History of Ice Cream

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Photo by Amber Wright

By Kaitlyn Ketchell, Reporter

Regardless of if you like chocolate or vanilla, ice cream is a fantastic confection to be enjoyed all year round (no, Mom, it’s not just a summer food).

Although there are accounts of people eating iced confections as early as 54 B.C., historians believe that the first true form of ice cream was created around 618 A.D. when Tang Dynasty emperors began eating a frozen drink made with cow milk.

Medieval Arabs also indulged in a chilled drink known as sharabt (or, sherbet), which gained popularity in Europe, particularly in Italy and France.

The first modern form of ice cream is said to have been invented in the mid-17th century, known as sorbetto/sorbet. Antonio Latini is said to have been the first person to write down the recipe for sorbetto. Gelato, the Italian form of Spain’s sorbetto, was introduced to France in the late 17th century.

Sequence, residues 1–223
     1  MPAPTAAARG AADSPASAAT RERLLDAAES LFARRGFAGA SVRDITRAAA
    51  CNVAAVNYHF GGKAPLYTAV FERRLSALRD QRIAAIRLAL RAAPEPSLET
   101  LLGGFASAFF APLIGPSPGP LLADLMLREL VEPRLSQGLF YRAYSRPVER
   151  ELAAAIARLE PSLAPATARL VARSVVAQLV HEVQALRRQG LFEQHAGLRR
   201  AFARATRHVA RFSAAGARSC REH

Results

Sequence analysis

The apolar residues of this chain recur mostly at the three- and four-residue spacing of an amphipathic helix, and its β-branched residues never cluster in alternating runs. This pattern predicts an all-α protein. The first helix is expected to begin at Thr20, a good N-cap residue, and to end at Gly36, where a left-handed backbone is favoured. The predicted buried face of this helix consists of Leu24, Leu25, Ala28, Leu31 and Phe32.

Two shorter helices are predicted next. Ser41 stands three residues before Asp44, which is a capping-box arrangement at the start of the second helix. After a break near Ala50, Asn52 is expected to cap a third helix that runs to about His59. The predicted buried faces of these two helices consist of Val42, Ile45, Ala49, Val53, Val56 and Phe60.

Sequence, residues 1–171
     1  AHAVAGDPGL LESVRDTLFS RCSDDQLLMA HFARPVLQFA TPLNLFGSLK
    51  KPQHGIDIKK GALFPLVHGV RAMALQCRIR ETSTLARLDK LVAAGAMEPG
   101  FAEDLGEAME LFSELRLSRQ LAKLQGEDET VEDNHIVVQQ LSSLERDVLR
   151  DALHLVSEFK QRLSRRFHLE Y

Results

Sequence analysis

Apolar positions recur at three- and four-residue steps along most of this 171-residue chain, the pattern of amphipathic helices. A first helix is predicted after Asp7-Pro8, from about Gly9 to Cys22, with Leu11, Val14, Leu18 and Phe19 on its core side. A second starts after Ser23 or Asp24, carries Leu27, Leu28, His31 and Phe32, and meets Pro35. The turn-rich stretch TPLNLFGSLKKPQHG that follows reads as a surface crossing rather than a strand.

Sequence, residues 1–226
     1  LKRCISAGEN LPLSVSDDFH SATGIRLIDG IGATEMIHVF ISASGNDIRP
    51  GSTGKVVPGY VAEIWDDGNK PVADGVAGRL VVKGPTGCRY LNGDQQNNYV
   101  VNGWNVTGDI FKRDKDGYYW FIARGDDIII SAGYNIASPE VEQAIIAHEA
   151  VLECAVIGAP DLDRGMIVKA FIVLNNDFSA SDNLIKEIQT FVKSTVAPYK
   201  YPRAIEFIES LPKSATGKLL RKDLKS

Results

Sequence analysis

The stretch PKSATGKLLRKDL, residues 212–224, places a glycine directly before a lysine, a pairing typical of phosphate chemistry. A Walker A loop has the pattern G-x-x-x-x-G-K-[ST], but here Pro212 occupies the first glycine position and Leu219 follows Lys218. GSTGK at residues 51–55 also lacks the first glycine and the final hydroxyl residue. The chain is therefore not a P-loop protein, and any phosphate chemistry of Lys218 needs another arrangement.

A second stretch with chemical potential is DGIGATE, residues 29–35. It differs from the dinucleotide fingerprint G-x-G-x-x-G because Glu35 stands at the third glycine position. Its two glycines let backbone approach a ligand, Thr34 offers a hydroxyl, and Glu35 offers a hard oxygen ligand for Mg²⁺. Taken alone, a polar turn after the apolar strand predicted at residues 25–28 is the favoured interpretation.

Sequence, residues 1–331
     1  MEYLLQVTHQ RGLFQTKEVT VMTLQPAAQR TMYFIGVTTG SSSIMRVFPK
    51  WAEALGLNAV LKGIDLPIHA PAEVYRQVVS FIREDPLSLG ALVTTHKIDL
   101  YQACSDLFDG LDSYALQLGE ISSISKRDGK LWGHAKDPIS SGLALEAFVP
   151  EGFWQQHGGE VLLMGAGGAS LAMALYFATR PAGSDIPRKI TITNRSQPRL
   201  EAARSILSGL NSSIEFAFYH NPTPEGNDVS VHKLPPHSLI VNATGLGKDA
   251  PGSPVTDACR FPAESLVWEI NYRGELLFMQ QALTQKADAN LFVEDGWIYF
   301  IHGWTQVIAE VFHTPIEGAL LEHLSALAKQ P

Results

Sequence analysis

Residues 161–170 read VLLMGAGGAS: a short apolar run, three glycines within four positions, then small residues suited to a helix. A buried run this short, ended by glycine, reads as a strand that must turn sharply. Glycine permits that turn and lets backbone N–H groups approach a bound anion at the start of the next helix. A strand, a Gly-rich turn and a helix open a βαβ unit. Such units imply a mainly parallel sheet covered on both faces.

At almost the same time, France was experimenting with its own form of ice cream. It was called fromage (no one is sure why, but historians are sure that it was not referring to cheese), and it was said to be a dessert made from ice flavored with fruit.

Ice cream then took a trip to America with the arrival of European settlers, and the first ice cream parlor opened in New York in 1790. It’s said that ice cream was a favorite food of many American icons such as George Washington, Thomas Jefferson, and Abraham Lincoln.

Ice cream has clearly come a long way from its early origins in China and the Middle East, but it has always remained a sweet treat to be enjoyed by almost everyone.